If you’ve been following the latest gaming news, then you’ve heard a lot about wearable hardware. What is wearable hardware, you say? Well, essentially it’s a device that you wear to enhance your gaming experience (i.e. VR headsets). With so many patents flying around lately, it seems like everyone is getting in on the action. However, as cool as the technology sounds, it’s hard to get images of the Virtual Boy out of my head. Are these projects doomed before they even launch, or will they integrate themselves into gaming permanently? Ultimately, that will depend on the price, the practicality of the devices, the level of immersion, and the titles available.
With consoles reaching prices of $600, it’s hard to sell someone on a non-essential add-on that tacks on a few more hundred bucks. To put this in perspective, Sony’s first wearable headset (the HMZ-T1) launched with a $799 price tag. So don’t expect its gaming follow-up, the HMZ-T2 to magically be reasonably priced—or necessary for that matter. It’s risky, in a shattered economy, to ask gamers to take a leap of faith into a technology that may prove to be as useless as The Power Glove (no matter how much I love it).
There would have to be a strong title showing—far beyond the massive launch window—to warrant the price. In addition, live demos such as the ones set up by Sony at The Tokyo Gameshow would need to be widespread. Word of mouth is stronger than a YouTube video showcasing the VR headset from all angles. I mean, let’s face it, for $799 you could buy thirteen $60 games and let’s not imagine how many used games you could buy with that money.
Microsoft recently filed a patent for a “Wearable Electromyography-Based Controller,” which would measure the wearer’s muscle output to communicate with games. The patent even has a diagram of a figure wearing an armband with sensor nodes. Another diagram shows sensor nodes on the head, chest, and legs. The question then becomes will gamers find it worth it to literally “suit up” every time they want to play.
In the case of gaming headsets, you have to wonder if extended use will cause neck, back and/or eye strain. The possible health risks associated with this new technology have yet to be fully discovered. Earlier headsets were reported to cause headaches and the 3D aspect has been known to cause nausea. It all boils down to if all of this extra gear—and possible discomfort—is worth it. Well, that depends largely on the games.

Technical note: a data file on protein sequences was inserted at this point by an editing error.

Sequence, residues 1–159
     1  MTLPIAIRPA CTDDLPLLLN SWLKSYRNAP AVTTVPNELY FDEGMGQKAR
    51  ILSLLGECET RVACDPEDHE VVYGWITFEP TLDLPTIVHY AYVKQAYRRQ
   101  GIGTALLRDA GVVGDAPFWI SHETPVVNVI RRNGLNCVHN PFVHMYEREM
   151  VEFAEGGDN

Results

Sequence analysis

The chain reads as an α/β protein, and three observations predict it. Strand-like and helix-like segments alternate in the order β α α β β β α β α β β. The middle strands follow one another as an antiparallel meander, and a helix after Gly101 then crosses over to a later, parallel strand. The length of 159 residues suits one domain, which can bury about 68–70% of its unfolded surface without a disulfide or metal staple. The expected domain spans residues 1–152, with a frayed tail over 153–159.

When the Kinect initially launched, I found the technology to be groundbreaking. However, I wasn’t sure how well it would implement itself into gaming. It had all of the potential in the world, but only had two worthwhile titles to show for it—Dance Central and Child of Eden. Two decent titles and a slew of mediocre ones aren’t enough to warrant the $149 price tag of the Kinect. For wearable hardware to be worth anything at all, the right games have to be there.
Imagine playing a game like Skyrim while wearing Microsoft’s node controller. Now, pair this node controller with their other patent for a 3D environment that is literally projected around your room—just picture the holodeck from Star Trek—and you’ve got yourself one hell of an adventure. RPGs, which rely so heavily on you being a part of the story, would benefit from this technology. However, on the flipside, imagine playing a fighting game like Tekken Tag Tournament 2. You immediately take away the skill set that makes the game both fun and challenging. Wearing a VR headset would be pointless for a platformer game, but great for racing games like Gran Turismo 5. The potential for this new onslaught of technology is there, but without the proper games they will end up like the Virtual Boy.
With each console generation, comes new technology that’s intended to immerse players in their virtual worlds more than ever before. The processing speed gets faster, the graphics get better, and the sound crisper. Despite all of this, the player can still get distracted by the real world—phone calls, sirens, roommates, etc. With wearable hardware, these distractions are kept to a minimum. Someone would literally have to shake the player to get their attention as they wear a gaming headset.
In addition, with wearable hardware, glitches within the game would be even more jarring and annoying. It’s hard to enjoy your stay in a virtual world if stepping in a pool of water crashes the game. If Bethesda can’t get Skyrim right on PS3, then I dread how a similar title might perform using this new hardware. We have a tendency to create new technology faster than we can come up with ideas on how to implement it. With each technological leap we make in gaming, the more pressure we put on developers to find a way to make their game work on the new hardware. If, after “suiting up” for a gaming session, the game is unplayable it’s unlikely that the player will find suiting up again worth it.
Is wearable technology the future? Of course it is! Though its entry into gaming may be rocky, it will definitely make an impact in other aspects of our lives. Technology evolves; if it stayed the same, we wouldn’t have titles like Uncharted or Max Payne 3. People have a natural tendency to resist change. When I was a kid, I thought Sega had the best graphics in the universe and thought the same of the NES before that. Then my mind literally exploded when I first laid eyes on the Nintendo 64. Once the kinks are ironed out, I fully expect my mind to be blown again once this wearable technology stuff is perfected. Does that mean I’m going to throw out my controller for good? Heavens no! There’s room for both in my nerdy lair. Though, I may have to move to a larger place to support the whole “holodeck experience.”
Where do you think gaming technology is heading? Is it moving too fast or too slow? What would you like to see in the future?